Archive | October, 2010

How effective is community media in creating civil society?

29 Oct

This Wednesday, October 27, 2010, a group of four groundbreaking digital activists came to The New School and presented their work and ideas.  These activists work with a range of mediums, from video and photography to radio and blogging, however they all were focused on the same broad goal, using media tools to empower those who have historically been silenced.

Liz Hodes, from Digital Democracy discussed a project where Haitian women were given cameras and asked to film and document gender-based violence, thereby giving these women a tool to speak out.  James Lebbie from Sierra Leone’s Cotton Tree News played a portion of an audio program named InsaiSalone, in which two women gossip about societal problems that the government can fix, such as corruption and infrastructure.  Lebbie described this program as the one “politicians fear the most.”  Lova Rakotomalala, the French Language Editor of Global Voices, an online blogging aggregator discussed how blogging had exposed the coup in Madagascar from last year.  Finally, there was WITNESS, a global video advocacy program presented by Pricila Neri.

Each of these speakers presented their programs with an air of optimism, but acknowledged that there were challenges and dangers to working in the human rights and advocacy field that might not be readily apparent to a casual observer. At one point Rakotomalala showed a global bandwidth map, which looked something like the one below, showing the fundamental lack of internet connectivity, or “internet penetration” in the Global South.  As most of these projects are internet-based, one must question how effective these initiatives are in creating real civil society among populations that do not have access to internet.  While mobile technology could affect this imbalance, can it really be a platform for substantive civil society discourse?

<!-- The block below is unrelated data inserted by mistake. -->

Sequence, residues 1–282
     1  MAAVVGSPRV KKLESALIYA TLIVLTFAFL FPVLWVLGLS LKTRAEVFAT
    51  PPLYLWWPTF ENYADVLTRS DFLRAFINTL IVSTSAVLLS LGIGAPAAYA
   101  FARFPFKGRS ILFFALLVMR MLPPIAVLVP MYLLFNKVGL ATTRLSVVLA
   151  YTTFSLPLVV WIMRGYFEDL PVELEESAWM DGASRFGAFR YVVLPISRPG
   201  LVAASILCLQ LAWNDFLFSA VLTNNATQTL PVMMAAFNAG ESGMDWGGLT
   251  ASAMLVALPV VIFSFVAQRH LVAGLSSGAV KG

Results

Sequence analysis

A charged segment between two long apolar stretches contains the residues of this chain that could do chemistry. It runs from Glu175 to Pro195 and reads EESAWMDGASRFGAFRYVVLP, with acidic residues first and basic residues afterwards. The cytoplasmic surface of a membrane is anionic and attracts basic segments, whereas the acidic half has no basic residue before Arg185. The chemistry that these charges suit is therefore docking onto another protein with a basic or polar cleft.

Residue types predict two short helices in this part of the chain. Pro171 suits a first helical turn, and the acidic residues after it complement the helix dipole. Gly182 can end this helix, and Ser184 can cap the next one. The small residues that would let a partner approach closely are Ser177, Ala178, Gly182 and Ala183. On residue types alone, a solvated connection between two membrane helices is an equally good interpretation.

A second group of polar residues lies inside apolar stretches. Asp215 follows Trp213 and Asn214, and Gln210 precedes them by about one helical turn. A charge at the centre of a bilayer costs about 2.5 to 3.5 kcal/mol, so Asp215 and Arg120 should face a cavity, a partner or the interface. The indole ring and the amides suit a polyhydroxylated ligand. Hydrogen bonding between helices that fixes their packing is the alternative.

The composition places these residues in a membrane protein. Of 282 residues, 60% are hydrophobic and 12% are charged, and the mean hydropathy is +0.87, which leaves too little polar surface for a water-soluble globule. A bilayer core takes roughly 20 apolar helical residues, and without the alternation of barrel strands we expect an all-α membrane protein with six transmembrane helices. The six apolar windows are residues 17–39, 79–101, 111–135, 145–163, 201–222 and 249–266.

In our last post, we discussed real activism vs. ‘slacktivism’, the idea that clicking a Facebook ‘Like’ button can not replace offline actions for social change.  Malcolm Gladwell’s recent piece in The New Yorker , “Small Change: Why the Revolution Will Not Be Tweeted About” caused quite a stir by claiming that social tools are ineffective at causing real social change. Gladwell claimed that real activism is caused by strong social ties, and that our new social tools, such as Twitter and Facebook, are driven by weak social ties. Pricila Neri, representing WITNESS, acknowledged this dilemma in her own work.  These organizations seemed to refute Malcolm Gladwell’s argument to some degree.  For example, Cotton Tree News, by giving ordinary citizens a space to publicly critique their government, has caused real physical change.  Additionally, WITNESS has been in existence for 18 years and allows victims such as child soldiers who have witnessed numerous human rights violations to record information, re-telling their stories and broadcasting those videos to targeted audiences to bring about change.  While questions about the effectiveness of community media still remain, the record of these organizations shows that with the right strategies and methods, offline change can occur as a result of dedicated individuals using mobile tools to pursue change.

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Digital vs. Real Activism: Will the Revolution be tweeted??